CXM #18: The new pages show the individual reactions as they prepare to battle Magneto and present an extended battle scene between Magneto and Phoenix. Frankly, I never thought the added scenes meshed all that well with the original story and art. It seemed like so much padding to me. I don’t mind so much reading them separately, however, with the original comic still fresh in my mind. The Bolton back-up takes place between #110-111, before the back-up in CXM #17, and details the Phoenix’s increasing power.

“Classic story at the peak of Claremont/Byrne.”

I must say, I’m really enjoying reading this run so far. In the past, whenever I would start to read a classic run, I would invariably start over at the beginning each time. Consequently, I have read the early issues of famous runs multiple times, later issues less frequently. But, for the past several years, I have made it a point to pick up an abandoned reading project where I left off, which has made a big difference.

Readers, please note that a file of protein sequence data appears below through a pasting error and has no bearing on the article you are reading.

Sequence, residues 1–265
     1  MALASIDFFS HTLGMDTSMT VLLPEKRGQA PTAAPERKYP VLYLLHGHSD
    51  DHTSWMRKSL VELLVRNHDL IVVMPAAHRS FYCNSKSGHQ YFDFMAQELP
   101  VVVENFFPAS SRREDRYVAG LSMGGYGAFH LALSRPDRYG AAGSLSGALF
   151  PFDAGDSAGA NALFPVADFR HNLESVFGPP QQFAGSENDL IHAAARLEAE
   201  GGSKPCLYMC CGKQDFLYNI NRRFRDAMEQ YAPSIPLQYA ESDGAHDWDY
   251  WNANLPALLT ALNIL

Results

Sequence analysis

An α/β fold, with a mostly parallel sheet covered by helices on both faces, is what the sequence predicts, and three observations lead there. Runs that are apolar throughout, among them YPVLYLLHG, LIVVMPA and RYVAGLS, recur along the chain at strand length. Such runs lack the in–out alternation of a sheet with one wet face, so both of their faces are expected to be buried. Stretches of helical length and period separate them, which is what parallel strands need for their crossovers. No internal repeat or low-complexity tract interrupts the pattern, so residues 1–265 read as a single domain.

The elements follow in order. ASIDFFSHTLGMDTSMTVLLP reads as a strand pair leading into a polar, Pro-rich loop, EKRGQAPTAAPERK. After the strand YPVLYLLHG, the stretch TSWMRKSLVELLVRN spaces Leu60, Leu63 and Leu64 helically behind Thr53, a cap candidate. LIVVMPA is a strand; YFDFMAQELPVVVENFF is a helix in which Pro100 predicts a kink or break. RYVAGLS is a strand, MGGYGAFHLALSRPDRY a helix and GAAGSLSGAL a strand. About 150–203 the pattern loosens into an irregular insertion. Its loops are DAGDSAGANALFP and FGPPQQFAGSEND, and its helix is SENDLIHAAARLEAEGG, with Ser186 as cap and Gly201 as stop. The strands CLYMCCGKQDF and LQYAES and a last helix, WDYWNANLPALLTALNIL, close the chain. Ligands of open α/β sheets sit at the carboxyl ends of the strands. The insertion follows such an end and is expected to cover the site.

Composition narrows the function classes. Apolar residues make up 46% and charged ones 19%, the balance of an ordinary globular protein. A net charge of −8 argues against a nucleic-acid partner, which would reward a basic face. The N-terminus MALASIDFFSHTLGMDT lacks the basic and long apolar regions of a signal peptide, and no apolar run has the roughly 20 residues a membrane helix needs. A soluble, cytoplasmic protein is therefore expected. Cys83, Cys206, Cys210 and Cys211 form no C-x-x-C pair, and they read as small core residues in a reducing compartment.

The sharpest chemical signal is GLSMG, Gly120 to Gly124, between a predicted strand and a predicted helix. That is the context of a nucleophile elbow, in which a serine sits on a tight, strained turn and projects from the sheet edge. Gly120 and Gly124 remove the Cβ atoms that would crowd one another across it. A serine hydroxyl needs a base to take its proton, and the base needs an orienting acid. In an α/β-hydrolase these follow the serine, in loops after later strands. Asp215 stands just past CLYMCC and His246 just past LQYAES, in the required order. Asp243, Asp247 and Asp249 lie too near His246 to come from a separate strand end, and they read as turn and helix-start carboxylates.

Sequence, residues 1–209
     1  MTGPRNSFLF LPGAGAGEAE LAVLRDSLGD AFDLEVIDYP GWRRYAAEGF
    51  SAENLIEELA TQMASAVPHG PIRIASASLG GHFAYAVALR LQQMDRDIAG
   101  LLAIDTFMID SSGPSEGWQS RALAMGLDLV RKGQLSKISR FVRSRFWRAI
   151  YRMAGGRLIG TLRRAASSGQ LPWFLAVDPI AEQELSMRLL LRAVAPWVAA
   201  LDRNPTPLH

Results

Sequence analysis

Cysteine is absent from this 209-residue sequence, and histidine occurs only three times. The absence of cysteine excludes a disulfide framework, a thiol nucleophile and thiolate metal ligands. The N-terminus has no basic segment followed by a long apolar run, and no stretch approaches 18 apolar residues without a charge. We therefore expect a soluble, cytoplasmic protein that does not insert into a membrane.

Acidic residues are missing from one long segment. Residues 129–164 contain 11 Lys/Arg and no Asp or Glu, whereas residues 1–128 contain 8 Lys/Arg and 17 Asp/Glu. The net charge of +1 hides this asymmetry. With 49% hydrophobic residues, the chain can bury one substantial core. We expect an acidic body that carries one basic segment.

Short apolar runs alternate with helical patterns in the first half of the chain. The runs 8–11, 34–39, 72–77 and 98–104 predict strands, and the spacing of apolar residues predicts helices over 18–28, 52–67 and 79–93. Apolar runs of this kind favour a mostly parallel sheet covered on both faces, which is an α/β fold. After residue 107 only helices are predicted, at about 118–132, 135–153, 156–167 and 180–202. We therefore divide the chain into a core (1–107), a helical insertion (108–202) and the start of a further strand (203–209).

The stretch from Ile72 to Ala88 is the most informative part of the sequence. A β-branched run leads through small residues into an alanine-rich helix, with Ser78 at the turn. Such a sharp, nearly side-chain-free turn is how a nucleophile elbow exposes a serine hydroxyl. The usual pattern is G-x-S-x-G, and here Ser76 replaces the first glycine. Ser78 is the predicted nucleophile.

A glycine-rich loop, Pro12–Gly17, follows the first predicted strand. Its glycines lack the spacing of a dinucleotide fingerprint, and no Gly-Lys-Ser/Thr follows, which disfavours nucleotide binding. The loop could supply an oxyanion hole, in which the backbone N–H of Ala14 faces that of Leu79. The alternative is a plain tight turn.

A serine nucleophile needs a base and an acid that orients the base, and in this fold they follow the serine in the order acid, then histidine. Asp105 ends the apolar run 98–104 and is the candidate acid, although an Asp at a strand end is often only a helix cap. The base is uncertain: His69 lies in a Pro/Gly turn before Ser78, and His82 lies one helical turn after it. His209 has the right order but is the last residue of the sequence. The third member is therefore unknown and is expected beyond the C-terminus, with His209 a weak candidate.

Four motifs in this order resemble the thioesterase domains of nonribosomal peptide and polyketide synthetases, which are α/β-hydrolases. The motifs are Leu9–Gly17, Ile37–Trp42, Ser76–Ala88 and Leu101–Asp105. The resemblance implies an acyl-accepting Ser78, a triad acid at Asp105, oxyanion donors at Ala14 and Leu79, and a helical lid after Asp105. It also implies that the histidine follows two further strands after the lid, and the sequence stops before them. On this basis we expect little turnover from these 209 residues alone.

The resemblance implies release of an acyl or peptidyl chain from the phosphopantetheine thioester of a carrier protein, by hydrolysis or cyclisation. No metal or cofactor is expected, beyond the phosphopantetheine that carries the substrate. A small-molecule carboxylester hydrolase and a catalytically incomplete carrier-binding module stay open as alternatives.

I don't remember exactly when it happens, but Cyclops reacts to Magneto by thinking, essentially, "Oh no! We're not ready!" This really cemented in my mind just how dangerous Magneto is and was. That is to say, every month our heroes (and every hero) are put into desperate jeopardy, even when they're fighting nobodies. But this told me that Magneto was really the only foe the leader of the X-Men actually feared.

Oh, and this is a great issue to put the kibosh on the idea that Xavier and Magneto have had a secret partnership since before X-Men #1. Well, at least in this timeline!

That was in X-Men #104, Captain, as Magneto was a baby when the new team was formed. And he destroyed these New X-Men which wasn't hard when two of them, Colossus and Wolverine, were particularly vulnerable to his powers. The one who did the best against him was Banshee, of all people, but they were defeated until Cyclops made the save. Magneto was at his most destructive as opposed to his previous appearances.

Speaking of which, if he wanted revenge because of his baby-dom, why didn't he go after the Defenders?